- Arizona Corporation Commission Staff on Friday published a proposed order that, if approved by regulators, would create an electric vehicle (EV) policy implementation plan for the state. The proposed order could be discussed at upcoming commission open meetings on May 21 and 22.
- Regulators in 2018 adopted a new policy encouraging investor-owned utilities to develop rates and pilot programs supporting EV programs and infrastructure, including charging stations.
- That policy was approved in December with a 4-1 vote. Commissioner Justin Olson, the sole vote against the EV policy, continues to lobby against the commission's EV efforts.
The commission's December EV policy statement directed staff to develop an implementation plan, intended to provide guidelines on pilot programs, rate design, cost recovery and other issues. Approval of the implementation plan will effectively be a final vote on the state's new policy, and Olson is trying to rally consumers to his side.
In an op-ed published Sunday on The Arizona Republic web site, the commissioner told readers, "if your priority is an affordable utility bill, you might want to tell my colleagues."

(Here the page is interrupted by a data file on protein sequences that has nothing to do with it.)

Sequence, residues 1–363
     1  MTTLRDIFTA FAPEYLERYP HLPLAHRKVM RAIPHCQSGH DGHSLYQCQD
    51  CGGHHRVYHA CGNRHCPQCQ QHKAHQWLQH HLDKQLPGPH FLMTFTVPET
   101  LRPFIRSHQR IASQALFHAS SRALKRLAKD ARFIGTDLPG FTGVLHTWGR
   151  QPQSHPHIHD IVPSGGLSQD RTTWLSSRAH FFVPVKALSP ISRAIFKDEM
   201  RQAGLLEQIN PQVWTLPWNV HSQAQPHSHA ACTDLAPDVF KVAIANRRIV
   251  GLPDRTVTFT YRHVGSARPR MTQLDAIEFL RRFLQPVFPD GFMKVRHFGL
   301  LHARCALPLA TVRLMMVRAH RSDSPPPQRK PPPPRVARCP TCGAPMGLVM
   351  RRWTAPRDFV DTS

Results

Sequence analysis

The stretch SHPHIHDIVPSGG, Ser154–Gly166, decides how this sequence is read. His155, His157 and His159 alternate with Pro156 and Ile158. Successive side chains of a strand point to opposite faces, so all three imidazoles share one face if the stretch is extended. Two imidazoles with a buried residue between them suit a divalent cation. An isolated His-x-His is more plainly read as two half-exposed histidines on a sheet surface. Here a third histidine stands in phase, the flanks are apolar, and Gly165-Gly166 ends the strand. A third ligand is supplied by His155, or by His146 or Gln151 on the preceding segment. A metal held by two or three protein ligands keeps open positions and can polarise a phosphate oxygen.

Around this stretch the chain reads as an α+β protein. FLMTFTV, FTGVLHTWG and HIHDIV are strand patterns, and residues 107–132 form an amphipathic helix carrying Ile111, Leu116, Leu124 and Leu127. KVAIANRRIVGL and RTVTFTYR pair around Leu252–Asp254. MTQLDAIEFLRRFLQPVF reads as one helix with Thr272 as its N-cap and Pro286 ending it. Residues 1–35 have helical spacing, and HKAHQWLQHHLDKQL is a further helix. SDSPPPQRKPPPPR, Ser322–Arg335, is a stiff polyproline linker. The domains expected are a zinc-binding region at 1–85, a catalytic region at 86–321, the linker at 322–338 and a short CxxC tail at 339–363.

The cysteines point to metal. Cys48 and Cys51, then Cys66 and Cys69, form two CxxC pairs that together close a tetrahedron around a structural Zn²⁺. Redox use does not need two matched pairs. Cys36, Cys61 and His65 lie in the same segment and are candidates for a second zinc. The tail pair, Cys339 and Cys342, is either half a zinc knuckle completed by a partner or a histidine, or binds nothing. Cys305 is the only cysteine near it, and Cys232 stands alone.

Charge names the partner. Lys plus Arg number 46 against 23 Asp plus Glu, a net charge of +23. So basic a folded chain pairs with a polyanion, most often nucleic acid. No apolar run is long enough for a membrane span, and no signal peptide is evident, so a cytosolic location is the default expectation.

"Ratepayer-funded subsidies for electric vehicles will drive up your power bill. A ratepayer-funded subsidy for this industry is not necessary. It's not justified. And it is not constitutional," Olson wrote.
Arizona's policy would allow Tucson Electric Power to propose programs and incentives for EV drivers. Olson had also proposed an amendment to "eliminate the electric vehicle subsidies" in TEP's energy efficiency plan, but said that was voted down by the other four commissioners.
"The commission is expected to vote later this summer on a final version of its electric vehicle policy," Olson wrote. "If you do not want your utility rates to increase to help defray the cost of affluent Arizonans owning new electric vehicles, now is the time to voice your opposition."
But according to Plug in America, EVs could help Arizona consumers see annual savings of up to $176 per household by 2050, thanks to a 5.5% projected rate decrease. Staff of the ACC previously identified nine benefits to EV adoption, from rate designs that reduce peak load to increased grid reliability, lower service costs to consumers and lower healthcare costs.
The implementation plan calls for utilities to propose EV pilots by July 1, and encourages them to "focus on infrastructure, education and outreach, make-ready, rate design, incentives/rebates, and cost recovery." Utilities proposing pilots are also required to submit a "comprehensive transportation electrification plan" and develop tariffs that incentivize customers to charge during off-peak hours.
Comments on the proposed decision are due May 20.